In my last post, I wrote about the wack representations of women and the invisibility of queer/trans-bodied folks in tattoo magazines like "Inked." I also mentioned that I have been collecting tattoos and stories from fierce, funny, and thoughtful folks I know for my book. Many of these people have graciously agreed to allow me to share their stories with you, which is something I will do from time to time in the coming weeks.
So, to cleanse the "Inked" palette, here is the story behind one of my top ten favorite tattoos of all times. I feel grateful that my dear friend, a writer and photographer who prefers to remain anonymous, has put this bit of beauty into the world. I hope this bring as much joy to you as it does to me.
"I have been fascinated, moved, inspired, renewed, and amazed by the Champ my whole life. Never has a sports figure transcended his title in such gargantuan fashion as Muhammed Ali. His career and his life have been so extravagant and generous, his impact so difficult to measure in its breadth. His poetry--both in the ring and dropping from his wise ass mouth--has stayed with me always.
Ali's daring to speak of race from the position of 'just a boxer'--to insist, in fact, on being a proud black man when the papers refused to call him 'Muhammad Ali' for years--moved racial politics and bullshit in this country forward so much further than people can comprehend. He has been a boxing champion unequalled in sheer impact, and he has been a human being on this planet that had been an inspiration to me in ways I cannot begin to describe.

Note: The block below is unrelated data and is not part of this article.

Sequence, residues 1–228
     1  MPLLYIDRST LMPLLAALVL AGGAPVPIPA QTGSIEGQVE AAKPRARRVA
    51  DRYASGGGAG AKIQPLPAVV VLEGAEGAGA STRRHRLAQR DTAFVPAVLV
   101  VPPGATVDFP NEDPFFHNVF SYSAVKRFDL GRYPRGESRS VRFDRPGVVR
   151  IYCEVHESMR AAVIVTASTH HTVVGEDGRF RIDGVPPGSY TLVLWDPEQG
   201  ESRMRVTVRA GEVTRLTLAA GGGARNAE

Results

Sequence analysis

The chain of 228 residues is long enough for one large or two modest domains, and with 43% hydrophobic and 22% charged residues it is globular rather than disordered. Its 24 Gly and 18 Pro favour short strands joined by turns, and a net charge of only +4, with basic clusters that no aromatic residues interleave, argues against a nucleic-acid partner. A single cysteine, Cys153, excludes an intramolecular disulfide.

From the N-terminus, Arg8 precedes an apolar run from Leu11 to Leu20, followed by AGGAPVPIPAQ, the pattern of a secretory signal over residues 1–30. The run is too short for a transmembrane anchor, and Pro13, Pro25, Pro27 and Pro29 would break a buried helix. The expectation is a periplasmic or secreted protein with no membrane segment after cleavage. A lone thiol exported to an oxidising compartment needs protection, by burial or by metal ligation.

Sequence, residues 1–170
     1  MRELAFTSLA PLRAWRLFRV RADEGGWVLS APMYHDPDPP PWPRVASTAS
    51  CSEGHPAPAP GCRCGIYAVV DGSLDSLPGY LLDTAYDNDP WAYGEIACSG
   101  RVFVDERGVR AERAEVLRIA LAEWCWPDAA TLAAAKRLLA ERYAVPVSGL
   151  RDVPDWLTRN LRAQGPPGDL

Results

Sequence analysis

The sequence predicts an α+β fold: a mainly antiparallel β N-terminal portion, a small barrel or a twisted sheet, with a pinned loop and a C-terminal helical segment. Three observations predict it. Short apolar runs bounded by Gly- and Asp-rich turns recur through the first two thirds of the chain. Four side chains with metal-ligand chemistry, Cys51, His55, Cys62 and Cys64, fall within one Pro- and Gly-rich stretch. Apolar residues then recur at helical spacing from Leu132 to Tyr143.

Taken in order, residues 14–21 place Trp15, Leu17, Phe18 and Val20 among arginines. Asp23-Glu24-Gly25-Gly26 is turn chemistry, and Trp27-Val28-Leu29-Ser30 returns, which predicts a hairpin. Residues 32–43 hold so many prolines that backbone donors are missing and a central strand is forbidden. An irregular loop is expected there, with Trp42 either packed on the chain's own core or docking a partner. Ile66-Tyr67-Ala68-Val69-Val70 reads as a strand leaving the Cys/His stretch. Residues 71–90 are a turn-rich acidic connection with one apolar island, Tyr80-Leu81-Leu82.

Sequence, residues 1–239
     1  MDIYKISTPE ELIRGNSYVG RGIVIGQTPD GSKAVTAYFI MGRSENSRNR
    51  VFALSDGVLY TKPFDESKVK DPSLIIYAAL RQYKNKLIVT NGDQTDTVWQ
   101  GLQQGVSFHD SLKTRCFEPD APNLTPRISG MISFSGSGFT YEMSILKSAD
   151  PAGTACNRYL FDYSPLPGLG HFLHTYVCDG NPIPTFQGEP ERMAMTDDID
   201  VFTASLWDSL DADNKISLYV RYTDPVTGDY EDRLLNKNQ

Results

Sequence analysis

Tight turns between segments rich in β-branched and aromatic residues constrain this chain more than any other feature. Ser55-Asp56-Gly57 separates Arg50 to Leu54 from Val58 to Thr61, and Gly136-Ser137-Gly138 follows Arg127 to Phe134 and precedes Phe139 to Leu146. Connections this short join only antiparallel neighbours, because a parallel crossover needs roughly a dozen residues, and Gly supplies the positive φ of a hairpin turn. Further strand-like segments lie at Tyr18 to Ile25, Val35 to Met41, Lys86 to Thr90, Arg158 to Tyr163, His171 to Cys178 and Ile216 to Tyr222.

My dear friend Sam McWilliams did this tattoo in a lovely shop out by the ocean in San Francisco. This one took about three hours and I think it's my 35th. I've been getting tattooed for twenty-one years--that's more than half my life.
Boxing gloves, a floating butterfly, a stinging bee, and his quote "I'm so pretty"--a double entendre, a kind of spell one puts on oneself. American women, much like American black men, are never encouraged to feel good about themselves. This is a quote that speaks to so many devalued folks about just showing up."